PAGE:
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Dave Belisle Of The Medicine Box: Indigenous Owned And Operated Cannabis Entrepreneur

From link to article by Warren Bobrow, Feb 11, 2020

Warren Bobrow=WB: Where did you grow up? Was cannabis vilified like where I grew up in 1960’s/70’s NJ? What brought you forward into the cannabis industry? Outdoor or indoor grown? 

Dave Belisle=DB: I grew up on the Mohawk Territory of Kanehsatake in Quebec, Canada. About 45 minutes north of Montreal. Cannabis was definitely vilified growing up. But I remember there being police raids for fields around our small reservation of about 1500 people. I remember helicopters flying around in its height in 1994. We made the news with how much was being grown here. Even I had a couple plants around town (shhh don’t tell anyone though hehe). Ever since my teenage years I’ve been around cannabis. In my early 20’s I started using cannabis full time. It was many years later that I found out about the medicinal benefits of cannabis. The biggest miracle with cannabis was with my son who was diagnosed with epilepsy. He hasn’t had a seizure in over 4 years since he started using daily. He was a zombie on the prescribed meds. I got my business start by trading cigarette cartons for pounds of indoor. I’ve always been in the cannabis industry for as long as I can remember, either as a consumer or on the retail side. And that “retail” side wasn’t always considered legal. So, when I had the opportunity to fully participate in the industry, I dove in head first. The years of product knowledge has served me well in operating the business.

WB: Tell me about your company? What makes your firm different and therefore more agile? Did you attend B school? If so, did you anticipate where you are today? Do you have a mentor? Who? 

Photo credit- Samantha Wenniseriiostha Pepin
Teharahkoken “Babs” Cree is studying to become a Mohawk language teacher and works at The Medicine … [+] PHOTO CREDIT- SAMANTHA WENNISERIIOSTHA PEPIN

DB: We are The Medicine Box, an Indigenous owned and operated cannabis dispensary. I think combining experience, the want to bring the medicinal properties of cannabis to everyone and an obsessive attention to the customer experience has made The Medicine Box different in our industry. Since day one we realized our customers were using cannabis medicinally, whether it was for anxiety or a serious ailment. Based on that insight, we set up a testing lab on site to give the customers more transparency. We wanted to give our customers as much information as we would want to know if we were the customer. I did not attend business school and pride myself on that fact, the whole team is pretty much self taught and passionate about building something cool. More importantly, we’ve attracted a great team that compliments each others strengths and weaknesses.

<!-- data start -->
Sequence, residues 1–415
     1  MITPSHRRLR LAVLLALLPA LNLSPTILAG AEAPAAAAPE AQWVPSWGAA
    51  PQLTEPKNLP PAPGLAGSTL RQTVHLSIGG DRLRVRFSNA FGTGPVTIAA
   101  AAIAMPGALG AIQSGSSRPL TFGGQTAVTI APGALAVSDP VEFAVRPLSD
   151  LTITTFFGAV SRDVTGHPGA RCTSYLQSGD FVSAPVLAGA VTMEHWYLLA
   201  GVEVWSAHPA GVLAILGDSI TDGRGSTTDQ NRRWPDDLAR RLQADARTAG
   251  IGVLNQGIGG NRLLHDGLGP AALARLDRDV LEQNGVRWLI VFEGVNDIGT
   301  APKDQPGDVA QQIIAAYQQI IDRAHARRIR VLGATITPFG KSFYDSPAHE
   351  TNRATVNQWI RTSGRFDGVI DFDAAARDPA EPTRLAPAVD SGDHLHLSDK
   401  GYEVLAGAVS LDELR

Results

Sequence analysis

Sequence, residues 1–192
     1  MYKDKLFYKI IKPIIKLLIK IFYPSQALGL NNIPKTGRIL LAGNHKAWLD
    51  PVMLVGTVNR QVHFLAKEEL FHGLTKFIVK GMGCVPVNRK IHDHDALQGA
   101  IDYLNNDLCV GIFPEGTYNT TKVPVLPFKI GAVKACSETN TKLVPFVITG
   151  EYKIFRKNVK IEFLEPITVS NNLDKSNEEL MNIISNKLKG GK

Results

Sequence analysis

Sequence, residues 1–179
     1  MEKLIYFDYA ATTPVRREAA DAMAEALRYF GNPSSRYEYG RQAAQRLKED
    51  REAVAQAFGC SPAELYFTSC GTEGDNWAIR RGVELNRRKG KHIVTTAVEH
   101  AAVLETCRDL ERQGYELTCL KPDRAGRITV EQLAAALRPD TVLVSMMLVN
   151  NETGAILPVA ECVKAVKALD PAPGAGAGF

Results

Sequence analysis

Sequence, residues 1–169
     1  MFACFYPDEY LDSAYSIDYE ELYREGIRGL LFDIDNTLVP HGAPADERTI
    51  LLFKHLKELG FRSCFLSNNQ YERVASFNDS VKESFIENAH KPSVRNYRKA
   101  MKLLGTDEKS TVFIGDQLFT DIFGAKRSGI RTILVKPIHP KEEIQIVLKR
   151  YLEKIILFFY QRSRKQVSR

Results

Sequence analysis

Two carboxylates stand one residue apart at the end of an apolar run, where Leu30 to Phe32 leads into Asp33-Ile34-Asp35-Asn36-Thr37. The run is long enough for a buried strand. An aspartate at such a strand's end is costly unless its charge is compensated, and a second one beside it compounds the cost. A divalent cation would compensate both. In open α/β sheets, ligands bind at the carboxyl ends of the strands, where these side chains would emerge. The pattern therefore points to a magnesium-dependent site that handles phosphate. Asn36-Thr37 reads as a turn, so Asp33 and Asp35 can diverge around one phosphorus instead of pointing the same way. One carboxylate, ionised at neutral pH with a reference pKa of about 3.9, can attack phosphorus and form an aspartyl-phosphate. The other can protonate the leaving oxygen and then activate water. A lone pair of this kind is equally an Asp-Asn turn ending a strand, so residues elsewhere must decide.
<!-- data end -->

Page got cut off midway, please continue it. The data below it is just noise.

Photo credit- Samantha Wenniseriiostha Pepin
A beautiful dried bud of Cannabis in the backyard of The Medicine Box. PHOTO CREDIT- SAMANTHA WENNISERIIOSTHA PEPIN

I couldn’t have anticipated where I am today in a million years, mainly due to the bumpy path of legalization and the stigma of cannabis.

It’s still a bit surreal if I’m being honest.

With our mission statement being “It’s not about cannabis, it’s about life” we’ve been able to have cannabis be the driving force in making positive change, not only with our team and clients, but in our community as a whole. We’ve been fortunate to create close to 20 steady jobs to a community with a massive unemployment rate. We’ve partnered with our cultural center who has a language revitalization program that is teaching the next generation to speak our native Mohawk language. They had their funds cut in 2019 and were facing the program being cut short. We were able to donate and supplement the funds allowing them to finish off the year with no interruptions. We have committed to giving them ongoing support. We have also started to incorporate their knowledge to offer language courses to our team and include Mohawk words into in our store signage. It’d be amazing to see our team using the language everyday and even our clients eventually. We like to model other great businesses, so Apple stores were a huge inspiration for our most recent expansion and rebranding.  We’ve paid attention to other cool retail experiences in other industries and have incorporated unique ideas, technologies and best business practices. We take the best of the best and find a way to incorporate it into our business in an innovative way.